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Subject: Re: Audra McDonald on Colbert Report
From: Elizabeth Thorpe <[log in to unmask]>
Reply-To:Elizabeth Thorpe <[log in to unmask]>
Date:Fri, 2 May 2014 21:15:14 -0400
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 I saw the play Sunday afternoon and found Audra McDonald's performance to be amazing.  Hearing her sing in the voice of Billie Holiday was eerie and awesome (in the true sense of the word).  Audra McDonald's normal singing voice is so glorious that it took me awhile to get used to hearing a different sound coming from her and it was mildly disorienting to adapt to this being a play in which Billie Holiday was being portrayed, not a nightclub performance in which Audra McDonald was singing Billie Holiday's music.  

Standing in the autograph line is not my normal practice, but the performance moved me to withstand the cold in order to offer congratulations on a memorable performance.

 
Liz Thorpe


 

-----Original Message-----
From: Jon Goldberg <[log in to unmask]>
To: OPERA-L <[log in to unmask]>
Sent: Thu, May 1, 2014 8:47 pm
Subject: Re: Audra McDonald on Colbert Report


I've seen the play. Not with Audra, but with a marvelous actress in Boston 
a few seasons ago, SHE was the reason to see it - I have to say that in my 
opinion, the play itself ain't all that good. The reason the show works, if 
one feels it does, is due to an actress' ease being very exposed with the 
audience (in a similar way that a good cabaret artist would be very 
comfortable taking in the audience as part of a performance - not just 
hiding behind a character), and of course, the songs. And yes, giving us 
some sense of Holiday's sound, fragility, and struggles. But the actual 
writing is, IMO, only so-so. 

No, not a great play, nevertheless one that gives the right actress the 
chance to transcend the material and astound. And from what I can tell, 
Audra is seizing the moment.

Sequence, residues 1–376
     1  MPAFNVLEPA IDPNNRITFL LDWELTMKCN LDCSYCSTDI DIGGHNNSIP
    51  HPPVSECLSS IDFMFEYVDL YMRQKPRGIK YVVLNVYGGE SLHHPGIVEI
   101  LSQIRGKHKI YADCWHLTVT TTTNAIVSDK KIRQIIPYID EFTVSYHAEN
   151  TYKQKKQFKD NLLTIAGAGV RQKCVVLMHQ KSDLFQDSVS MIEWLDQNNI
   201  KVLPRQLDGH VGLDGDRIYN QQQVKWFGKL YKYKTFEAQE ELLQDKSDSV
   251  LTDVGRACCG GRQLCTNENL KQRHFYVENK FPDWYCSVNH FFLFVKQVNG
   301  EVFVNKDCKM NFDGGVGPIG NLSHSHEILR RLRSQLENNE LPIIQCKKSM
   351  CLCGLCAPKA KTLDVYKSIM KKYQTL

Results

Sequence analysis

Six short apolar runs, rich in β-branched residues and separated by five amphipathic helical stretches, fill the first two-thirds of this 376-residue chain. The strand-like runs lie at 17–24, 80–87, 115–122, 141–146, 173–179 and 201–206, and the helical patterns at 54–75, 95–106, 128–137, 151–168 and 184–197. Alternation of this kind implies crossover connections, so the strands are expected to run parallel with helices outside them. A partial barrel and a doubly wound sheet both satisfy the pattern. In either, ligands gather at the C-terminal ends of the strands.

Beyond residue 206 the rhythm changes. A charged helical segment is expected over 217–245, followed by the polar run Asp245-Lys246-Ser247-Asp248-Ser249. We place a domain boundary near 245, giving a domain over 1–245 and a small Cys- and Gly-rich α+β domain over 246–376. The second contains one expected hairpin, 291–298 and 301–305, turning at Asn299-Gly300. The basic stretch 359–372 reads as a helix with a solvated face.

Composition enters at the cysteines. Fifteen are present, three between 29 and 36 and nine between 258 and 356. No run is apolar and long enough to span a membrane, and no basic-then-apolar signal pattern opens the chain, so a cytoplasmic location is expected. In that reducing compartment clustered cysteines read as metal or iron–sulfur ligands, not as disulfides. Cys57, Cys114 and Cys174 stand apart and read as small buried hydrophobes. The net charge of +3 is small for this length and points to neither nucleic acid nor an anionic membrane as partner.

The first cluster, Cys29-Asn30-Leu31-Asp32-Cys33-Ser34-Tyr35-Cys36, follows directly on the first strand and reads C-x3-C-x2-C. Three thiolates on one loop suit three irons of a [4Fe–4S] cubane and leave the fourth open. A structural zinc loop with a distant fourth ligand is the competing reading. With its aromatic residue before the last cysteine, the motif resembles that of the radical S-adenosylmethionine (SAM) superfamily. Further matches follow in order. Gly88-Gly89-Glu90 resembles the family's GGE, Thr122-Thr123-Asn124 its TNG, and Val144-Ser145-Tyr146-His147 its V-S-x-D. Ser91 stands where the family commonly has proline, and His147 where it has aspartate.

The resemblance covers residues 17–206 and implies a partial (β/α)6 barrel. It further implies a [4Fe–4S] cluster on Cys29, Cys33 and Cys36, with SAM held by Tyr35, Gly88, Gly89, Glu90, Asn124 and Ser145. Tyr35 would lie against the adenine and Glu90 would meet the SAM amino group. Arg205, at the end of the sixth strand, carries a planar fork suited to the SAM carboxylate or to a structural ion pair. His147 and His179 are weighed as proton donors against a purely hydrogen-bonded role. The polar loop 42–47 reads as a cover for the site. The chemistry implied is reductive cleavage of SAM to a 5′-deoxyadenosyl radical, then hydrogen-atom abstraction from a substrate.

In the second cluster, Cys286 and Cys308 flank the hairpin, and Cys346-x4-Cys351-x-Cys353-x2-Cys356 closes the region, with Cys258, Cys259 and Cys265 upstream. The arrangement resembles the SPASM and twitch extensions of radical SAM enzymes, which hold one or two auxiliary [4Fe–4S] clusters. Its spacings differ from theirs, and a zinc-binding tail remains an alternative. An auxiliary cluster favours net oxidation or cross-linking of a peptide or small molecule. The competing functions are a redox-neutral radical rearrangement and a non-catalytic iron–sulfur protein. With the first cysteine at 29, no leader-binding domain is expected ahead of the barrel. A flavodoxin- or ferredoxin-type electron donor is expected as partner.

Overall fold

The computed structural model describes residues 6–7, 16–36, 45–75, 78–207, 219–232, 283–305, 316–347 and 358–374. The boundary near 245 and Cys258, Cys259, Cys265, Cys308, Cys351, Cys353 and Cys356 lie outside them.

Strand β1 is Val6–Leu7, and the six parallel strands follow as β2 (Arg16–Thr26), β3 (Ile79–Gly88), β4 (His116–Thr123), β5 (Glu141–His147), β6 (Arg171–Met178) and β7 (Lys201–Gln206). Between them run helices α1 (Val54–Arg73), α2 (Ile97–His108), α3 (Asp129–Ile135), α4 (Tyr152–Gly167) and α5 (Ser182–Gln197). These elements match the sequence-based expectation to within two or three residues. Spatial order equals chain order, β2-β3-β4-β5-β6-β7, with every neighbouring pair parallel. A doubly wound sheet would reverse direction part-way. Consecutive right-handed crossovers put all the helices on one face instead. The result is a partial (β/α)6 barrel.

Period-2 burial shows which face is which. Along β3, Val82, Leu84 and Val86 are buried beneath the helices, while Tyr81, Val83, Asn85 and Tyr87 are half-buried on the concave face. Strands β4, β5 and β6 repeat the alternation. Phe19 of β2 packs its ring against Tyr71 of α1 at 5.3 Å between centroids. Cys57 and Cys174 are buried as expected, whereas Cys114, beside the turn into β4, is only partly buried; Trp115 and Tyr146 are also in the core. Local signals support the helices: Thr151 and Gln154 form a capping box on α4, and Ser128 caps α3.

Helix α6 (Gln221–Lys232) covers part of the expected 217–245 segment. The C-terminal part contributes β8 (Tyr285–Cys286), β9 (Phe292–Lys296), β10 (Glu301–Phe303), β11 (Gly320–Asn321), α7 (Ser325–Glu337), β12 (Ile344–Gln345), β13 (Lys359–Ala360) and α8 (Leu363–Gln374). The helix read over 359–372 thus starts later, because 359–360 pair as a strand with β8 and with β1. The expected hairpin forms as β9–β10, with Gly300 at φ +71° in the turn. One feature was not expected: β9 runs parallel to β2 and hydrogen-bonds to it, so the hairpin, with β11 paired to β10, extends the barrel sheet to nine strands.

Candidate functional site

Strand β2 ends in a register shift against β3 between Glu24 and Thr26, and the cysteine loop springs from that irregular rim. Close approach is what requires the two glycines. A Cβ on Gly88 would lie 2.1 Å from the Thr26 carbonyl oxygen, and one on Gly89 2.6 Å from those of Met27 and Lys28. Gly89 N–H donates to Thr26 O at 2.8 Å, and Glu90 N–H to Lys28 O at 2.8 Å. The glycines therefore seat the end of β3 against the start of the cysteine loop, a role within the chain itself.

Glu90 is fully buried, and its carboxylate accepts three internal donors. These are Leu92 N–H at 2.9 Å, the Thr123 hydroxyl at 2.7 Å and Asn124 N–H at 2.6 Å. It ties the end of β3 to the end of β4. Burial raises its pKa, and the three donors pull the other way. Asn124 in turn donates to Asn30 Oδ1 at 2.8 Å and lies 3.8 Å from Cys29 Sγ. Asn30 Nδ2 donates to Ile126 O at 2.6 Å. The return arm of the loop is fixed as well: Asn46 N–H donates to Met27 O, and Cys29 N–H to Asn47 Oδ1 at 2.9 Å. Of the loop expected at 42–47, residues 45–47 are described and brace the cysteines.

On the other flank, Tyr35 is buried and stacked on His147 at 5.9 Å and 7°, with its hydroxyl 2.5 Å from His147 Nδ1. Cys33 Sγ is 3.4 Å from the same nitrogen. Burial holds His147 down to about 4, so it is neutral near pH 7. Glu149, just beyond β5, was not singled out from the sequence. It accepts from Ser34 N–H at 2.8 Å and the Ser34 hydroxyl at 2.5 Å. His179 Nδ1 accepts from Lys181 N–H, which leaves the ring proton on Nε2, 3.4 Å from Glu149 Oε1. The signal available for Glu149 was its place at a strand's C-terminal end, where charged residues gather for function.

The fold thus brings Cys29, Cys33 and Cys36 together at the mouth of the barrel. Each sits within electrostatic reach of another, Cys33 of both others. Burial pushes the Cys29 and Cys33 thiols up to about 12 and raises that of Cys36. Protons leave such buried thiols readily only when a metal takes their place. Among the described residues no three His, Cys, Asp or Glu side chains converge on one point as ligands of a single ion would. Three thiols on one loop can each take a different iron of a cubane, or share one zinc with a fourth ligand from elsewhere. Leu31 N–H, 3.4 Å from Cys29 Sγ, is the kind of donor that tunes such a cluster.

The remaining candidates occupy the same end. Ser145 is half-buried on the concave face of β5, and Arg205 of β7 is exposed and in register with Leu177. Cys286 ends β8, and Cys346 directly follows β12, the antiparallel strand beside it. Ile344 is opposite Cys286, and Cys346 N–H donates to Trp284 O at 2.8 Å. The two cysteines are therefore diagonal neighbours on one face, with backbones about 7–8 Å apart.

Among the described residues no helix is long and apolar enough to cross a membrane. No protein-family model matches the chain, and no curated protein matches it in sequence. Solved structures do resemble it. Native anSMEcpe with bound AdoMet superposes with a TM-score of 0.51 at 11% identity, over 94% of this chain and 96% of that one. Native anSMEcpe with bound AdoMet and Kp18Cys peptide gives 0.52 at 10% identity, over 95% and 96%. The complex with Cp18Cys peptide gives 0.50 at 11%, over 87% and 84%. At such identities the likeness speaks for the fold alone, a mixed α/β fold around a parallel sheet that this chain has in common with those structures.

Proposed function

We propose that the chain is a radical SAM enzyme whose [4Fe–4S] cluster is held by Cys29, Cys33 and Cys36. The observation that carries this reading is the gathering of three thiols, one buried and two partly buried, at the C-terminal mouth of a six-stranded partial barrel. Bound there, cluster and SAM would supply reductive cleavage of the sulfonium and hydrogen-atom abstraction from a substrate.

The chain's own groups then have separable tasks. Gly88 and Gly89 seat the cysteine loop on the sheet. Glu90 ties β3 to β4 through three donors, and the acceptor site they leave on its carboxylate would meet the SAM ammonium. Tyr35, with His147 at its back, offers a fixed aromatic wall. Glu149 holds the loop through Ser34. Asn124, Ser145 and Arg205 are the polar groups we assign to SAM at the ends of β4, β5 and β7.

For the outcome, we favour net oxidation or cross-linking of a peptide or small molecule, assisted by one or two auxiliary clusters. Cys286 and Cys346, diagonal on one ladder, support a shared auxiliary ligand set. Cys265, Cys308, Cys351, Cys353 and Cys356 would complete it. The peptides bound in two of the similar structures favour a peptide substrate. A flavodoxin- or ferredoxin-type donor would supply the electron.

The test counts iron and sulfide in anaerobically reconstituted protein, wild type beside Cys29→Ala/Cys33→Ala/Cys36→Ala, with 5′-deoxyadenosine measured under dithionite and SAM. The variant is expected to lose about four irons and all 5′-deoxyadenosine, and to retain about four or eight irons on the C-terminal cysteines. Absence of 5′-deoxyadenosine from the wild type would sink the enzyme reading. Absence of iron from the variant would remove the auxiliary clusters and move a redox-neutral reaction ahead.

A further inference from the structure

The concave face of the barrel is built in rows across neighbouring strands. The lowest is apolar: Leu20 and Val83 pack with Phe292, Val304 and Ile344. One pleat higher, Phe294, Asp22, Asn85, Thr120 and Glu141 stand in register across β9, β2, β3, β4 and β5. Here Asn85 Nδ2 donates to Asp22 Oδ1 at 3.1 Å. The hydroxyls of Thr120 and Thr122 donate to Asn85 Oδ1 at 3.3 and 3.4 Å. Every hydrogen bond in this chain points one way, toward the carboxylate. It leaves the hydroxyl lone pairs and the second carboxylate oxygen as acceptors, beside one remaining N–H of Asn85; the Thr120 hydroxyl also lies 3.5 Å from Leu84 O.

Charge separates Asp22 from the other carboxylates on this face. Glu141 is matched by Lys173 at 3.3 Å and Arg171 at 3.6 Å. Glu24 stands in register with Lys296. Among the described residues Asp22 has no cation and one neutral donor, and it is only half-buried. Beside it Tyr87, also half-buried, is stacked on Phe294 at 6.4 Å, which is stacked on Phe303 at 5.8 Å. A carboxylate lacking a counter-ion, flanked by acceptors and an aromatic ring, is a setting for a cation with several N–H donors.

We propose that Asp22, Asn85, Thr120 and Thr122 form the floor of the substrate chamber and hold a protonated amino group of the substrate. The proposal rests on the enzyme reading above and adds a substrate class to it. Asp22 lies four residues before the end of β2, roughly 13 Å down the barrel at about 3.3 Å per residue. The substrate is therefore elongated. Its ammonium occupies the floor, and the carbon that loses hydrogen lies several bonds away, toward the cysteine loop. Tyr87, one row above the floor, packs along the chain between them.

On Thu, 1 May 2014 14:34:46 -0400, G. Paul Padillo 
<[log in to unmask]> wrote:

>Hermine wrote (in part):
>
>"Perhaps it is never a good idea to try to reproduce another person."
>
>
>I couldn't disagree more on this one, Hermine!   I love biopics and bio-
plays, 
>even when the truth is mildly obscured or altered for entertainment 
purposes.   
>I wouldn't (and thankfully don't need to) imagine my life without 
Interrupted 
>Melody, Ray, The Doors, Life With Judy Garland, Walk the Line, Coal 
Miner's 
>Daughter, Yankee Doodle Dandy, La Bamba, The Buddy Holly Story, Sid 
and 
>Nancy, La Vie en Rose, Bird, The Waltz King (okay, okay, I'll stop 
already).  
>
>NY Times critic Charles Isherwood pretty much pans "Lady Day at 
Emerson's 
>Bar and Grill" (praises the singing, while trashing the play with the 
following 
>inane observation:
>
>"The play’s conceit is, frankly, artificial and a bit hoary. A victim of severe 

>stage nerves, Holiday preferred to sing in a tight spotlight so she 
couldn’t even 
>see the audience, and would at no point in her career have been likely to 
dish 
>up her life for public consumption in such a way."
>
>An unnecessary attack which entirely misses the point:  this is a play, not 
a 
>recreation of an actual Billy Holiday performance.  But, he knew that 
going in, 
>which is what makes his attack all the more ludicrous. 
>
>Others reviews (as well as some folk I've spoken with who've seen the 
show) 
>have been the opposite, calling it remarkable, eerie, haunting, edgily 
>uncomfortable and heart breaking.  
>
>p.
>http://sharkonarts.blogspot.com/
>
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